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CPR, a Life Saving Procedure

Written by
Dr. Vinay Kumar
and medically reviewed by iCliniq medical review team.

Published on Sep 01, 2015 and last reviewed on Dec 24, 2018   -  4 min read



This article gives an idea of how to perform CPR and its importance in saving a life.

CPR, a Life Saving Procedure

Cardiopulmonary resuscitation (CPR) is an emergency combination akin to making available an artificial heart and lungs to a person so desperately in need of them that he or she may lose their life for want of it. CPR comprises of techniques designed to be carried out by a person without any healthcare background as you never know when you may be called upon to save a life.

To give you an idea of how important CPR can be, here is a list of few situations where it might be life-saving:

The aim of CPR is to prevent irreversible damage to the brain as a result of stoppage of blood pumping action from the heart. Just imagine, how useful this simple knowledge can be as accidents and situations like those listed above are everyday occurrences and one might come across a situation of this nature during the course of life.

CPR comprises three steps that can be memorized as CAB

The following description is suitable for CPR performed on an adult.

Chest Compressions

Chest compressions work the same way as an artificial heart for a critical person. To proceed with chest compressions, first of all position the person on a flat surface, stand close to the side of the subject’s neck and bend down, place one palm over the centre of the person’s chest (the middle of chest where you feel a slightly depressed surface), keep your arms straight without bending at the elbows and push the chest downwards by at least 5 centimeters using your own weight. Continue chest compressions at a rate of about 100 times per minute.

Clearing the Airway

The second step is clearing the airway to allow for the exchange of air by lungs. Clear the airway after giving about 30 compressions. This is done by tilting head of the person backward followed by lowering the chin. If the person has had a head injury, then the head should not be tilted back and also one should not force open the jaws to clear the airway. Check whether the person is breathing by placing your fingers under the person’s nostrils and feeling for the movement of air, or by noting breath sounds. Please note that gasping is not considered to be normal breathing. If the subject is not breathing, provide mouth to mouth breathing. The breathing can be given either mouth to mouth, or mouth to the nose (if mouth cannot be opened due to injury or any other reason). If you do not know the technique for the mouth to mouth breathing, then this step may be skipped while chest compressions should continue till help arrives.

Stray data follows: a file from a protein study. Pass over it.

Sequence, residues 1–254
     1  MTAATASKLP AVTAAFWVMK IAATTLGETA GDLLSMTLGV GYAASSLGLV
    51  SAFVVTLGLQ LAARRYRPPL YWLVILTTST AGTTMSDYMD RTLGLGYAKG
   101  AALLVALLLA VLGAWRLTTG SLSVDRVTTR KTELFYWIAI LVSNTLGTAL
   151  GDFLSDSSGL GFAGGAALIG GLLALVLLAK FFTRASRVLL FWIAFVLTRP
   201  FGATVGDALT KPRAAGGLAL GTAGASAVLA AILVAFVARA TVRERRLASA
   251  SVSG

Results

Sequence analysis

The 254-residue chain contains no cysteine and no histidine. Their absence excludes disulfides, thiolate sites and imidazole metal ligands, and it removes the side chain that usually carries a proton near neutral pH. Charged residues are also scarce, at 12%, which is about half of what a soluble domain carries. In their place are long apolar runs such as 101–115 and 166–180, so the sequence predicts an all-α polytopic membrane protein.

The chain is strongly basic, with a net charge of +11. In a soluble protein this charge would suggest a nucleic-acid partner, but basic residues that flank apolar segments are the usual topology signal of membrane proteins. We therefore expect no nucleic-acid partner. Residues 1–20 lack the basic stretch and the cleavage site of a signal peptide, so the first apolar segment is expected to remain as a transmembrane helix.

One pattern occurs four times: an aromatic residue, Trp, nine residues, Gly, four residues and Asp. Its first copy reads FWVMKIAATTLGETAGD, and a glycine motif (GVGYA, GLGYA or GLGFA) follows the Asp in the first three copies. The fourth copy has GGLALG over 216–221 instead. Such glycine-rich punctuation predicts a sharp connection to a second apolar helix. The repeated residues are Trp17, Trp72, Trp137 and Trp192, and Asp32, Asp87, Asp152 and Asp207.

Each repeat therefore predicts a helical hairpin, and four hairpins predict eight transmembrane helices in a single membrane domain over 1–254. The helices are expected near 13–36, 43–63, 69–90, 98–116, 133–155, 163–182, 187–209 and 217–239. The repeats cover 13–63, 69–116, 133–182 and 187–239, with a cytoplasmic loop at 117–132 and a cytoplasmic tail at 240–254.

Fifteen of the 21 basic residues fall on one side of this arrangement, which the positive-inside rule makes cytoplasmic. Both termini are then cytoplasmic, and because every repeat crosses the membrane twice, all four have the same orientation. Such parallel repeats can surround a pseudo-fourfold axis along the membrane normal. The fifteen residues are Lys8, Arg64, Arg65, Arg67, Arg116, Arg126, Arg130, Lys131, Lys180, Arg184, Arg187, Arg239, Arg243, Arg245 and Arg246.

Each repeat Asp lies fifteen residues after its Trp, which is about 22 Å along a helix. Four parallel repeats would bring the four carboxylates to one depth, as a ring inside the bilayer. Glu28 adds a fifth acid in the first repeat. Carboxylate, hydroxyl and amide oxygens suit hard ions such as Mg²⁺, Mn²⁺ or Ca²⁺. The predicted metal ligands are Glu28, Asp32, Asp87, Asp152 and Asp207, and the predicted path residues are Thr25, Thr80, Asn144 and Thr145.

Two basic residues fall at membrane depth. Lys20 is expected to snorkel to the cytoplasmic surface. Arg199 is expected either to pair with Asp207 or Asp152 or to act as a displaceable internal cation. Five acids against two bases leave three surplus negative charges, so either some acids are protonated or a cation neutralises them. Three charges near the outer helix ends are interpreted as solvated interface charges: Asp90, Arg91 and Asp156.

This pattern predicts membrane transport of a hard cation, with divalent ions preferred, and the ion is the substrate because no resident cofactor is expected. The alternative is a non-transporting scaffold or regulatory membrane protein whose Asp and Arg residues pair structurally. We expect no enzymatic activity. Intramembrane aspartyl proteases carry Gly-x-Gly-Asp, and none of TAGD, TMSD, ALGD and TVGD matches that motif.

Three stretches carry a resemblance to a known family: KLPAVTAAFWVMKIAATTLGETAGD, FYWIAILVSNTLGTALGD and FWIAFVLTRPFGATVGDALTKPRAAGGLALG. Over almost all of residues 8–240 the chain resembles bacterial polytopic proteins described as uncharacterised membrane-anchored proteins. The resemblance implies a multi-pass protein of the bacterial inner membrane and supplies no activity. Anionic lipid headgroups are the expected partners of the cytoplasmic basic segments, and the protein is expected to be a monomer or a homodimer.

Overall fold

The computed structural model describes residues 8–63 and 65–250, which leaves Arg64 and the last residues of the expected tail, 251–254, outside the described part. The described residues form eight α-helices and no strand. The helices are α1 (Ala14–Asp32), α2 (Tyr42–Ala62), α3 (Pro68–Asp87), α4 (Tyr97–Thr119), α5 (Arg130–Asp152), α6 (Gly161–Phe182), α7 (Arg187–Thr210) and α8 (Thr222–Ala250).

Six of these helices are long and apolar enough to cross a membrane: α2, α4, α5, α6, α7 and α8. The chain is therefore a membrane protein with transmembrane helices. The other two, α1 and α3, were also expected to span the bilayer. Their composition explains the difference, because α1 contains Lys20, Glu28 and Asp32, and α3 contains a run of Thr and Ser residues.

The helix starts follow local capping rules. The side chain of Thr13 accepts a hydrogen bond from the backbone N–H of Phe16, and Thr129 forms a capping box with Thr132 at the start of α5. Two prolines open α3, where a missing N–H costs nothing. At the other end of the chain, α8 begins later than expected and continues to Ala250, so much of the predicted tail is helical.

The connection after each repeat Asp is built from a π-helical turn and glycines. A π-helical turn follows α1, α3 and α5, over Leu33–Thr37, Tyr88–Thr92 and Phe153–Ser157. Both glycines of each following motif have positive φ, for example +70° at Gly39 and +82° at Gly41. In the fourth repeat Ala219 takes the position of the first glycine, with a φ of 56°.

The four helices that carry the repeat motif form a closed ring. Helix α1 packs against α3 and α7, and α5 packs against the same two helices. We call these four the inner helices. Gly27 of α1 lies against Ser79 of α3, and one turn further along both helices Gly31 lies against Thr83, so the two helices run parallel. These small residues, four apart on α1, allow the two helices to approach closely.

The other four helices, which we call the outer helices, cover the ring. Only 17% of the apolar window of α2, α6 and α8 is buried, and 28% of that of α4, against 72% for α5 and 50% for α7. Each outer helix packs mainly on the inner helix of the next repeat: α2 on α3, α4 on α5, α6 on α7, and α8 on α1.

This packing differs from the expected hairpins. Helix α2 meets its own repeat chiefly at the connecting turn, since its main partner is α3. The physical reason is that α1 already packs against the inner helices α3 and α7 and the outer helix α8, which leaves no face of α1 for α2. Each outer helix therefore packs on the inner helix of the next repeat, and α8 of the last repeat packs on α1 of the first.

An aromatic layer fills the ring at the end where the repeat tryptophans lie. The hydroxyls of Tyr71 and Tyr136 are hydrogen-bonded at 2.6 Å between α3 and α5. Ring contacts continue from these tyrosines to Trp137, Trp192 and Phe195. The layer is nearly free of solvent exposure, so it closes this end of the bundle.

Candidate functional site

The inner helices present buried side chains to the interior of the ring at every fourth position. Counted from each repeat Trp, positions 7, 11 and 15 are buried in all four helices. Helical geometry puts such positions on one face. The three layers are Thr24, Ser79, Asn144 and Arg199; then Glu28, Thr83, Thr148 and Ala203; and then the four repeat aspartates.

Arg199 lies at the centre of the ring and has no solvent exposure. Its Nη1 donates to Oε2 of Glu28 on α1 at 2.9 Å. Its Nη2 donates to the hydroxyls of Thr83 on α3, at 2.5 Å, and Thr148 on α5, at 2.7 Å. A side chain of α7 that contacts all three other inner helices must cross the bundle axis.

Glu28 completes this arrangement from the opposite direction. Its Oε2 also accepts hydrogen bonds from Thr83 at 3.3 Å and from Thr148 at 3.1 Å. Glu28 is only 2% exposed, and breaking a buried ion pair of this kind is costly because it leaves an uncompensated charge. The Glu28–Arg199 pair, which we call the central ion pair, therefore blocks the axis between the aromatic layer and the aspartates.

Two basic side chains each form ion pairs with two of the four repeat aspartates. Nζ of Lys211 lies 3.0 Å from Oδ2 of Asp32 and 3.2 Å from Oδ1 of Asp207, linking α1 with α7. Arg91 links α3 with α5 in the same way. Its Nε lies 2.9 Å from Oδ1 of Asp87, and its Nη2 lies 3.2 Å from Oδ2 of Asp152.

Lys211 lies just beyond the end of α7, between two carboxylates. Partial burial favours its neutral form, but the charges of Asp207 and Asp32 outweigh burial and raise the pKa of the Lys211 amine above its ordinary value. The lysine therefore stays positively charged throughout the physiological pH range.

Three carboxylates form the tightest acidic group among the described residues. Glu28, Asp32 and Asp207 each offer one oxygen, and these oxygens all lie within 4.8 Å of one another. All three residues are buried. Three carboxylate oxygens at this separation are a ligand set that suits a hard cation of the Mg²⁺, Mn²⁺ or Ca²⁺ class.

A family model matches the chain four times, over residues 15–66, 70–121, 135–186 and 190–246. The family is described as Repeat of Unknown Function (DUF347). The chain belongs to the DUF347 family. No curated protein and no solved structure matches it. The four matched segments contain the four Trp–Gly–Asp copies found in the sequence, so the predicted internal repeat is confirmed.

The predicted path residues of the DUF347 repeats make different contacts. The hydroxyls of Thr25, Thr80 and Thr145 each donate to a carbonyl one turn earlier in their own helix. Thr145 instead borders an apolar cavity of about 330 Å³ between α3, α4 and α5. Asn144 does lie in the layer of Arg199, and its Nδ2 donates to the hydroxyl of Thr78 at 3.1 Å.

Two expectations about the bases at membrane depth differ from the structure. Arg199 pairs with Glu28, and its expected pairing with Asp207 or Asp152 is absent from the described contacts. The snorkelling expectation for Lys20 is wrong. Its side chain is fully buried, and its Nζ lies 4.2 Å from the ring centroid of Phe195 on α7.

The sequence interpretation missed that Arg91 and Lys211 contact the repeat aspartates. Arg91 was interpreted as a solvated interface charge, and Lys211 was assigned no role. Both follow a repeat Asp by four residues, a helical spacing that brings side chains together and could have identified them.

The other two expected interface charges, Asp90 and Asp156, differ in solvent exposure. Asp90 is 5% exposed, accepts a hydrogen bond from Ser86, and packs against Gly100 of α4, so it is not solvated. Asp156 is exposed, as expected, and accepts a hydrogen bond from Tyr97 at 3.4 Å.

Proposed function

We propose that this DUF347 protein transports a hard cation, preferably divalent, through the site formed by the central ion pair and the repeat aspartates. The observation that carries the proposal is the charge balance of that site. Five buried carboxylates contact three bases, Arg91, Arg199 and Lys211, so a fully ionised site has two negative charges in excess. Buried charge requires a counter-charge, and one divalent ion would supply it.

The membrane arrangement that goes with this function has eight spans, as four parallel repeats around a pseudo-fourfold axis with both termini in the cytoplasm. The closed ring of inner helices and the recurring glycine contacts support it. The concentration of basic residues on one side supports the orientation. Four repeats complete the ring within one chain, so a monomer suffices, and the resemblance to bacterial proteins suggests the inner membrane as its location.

Breathing is given in cycles wherein each cycle comprises of 30 chest compressions followed by two rescue breaths.

The first cycle should begin immediately after ensuring patency of the airway. For mouth to mouth breathing, pinch the nostrils (to prevent air from escaping), put your lips on the lips of the person to seal the opening, and blow into the mouth of the subject. Watch to see whether the chest rises or not. If the chest rises, give another breath. If the chest does not rise, again ensure the patency of airway; give a second breath followed by 30 chest compressions. You should keep one hand on the chest when you release the pressure of the palm (otherwise you have to locate the right placement position every time you compress the chest). Provide further chest compressions and breath cycles till at least five cycles have been given. It takes about two minutes to complete five cycles. Continue the process until the person revives or until help arrives.

Your readiness to provide CPR can be of two types. Either you are well trained and confident or you are not. In case you are confident that you can handle the emergency, then follow the steps listed as under.

For a trained CPR provider - start with 30 chest compressions and also give rescue breathing.

For an untrained CPR provider - provide continuous chest compressions at a rate of about 100 per minute but without providing rescue breathing.

CPR for Children of 1 to 8 Years

The procedure for giving CPR to children aged one to eight years is same as that for adults except the following differences.

CPR for babies under one year of age

First of all, ensure that the airway is not choked. If it is choked, then give first aid for choking, otherwise proceed to CPR. All other steps of CPR are the same as for older children.

Never shake a baby as it may lead to further choking.

Remember the Following Facts About CPR

For doubts regarding how to perform CPR, consult a general practitioner online -->

Last reviewed at:
24 Dec 2018  -  4 min read


Dr. Vinay Kumar

Dr. Vinay Kumar

MD Skin & VD, MD Micro, DVD, MBBS

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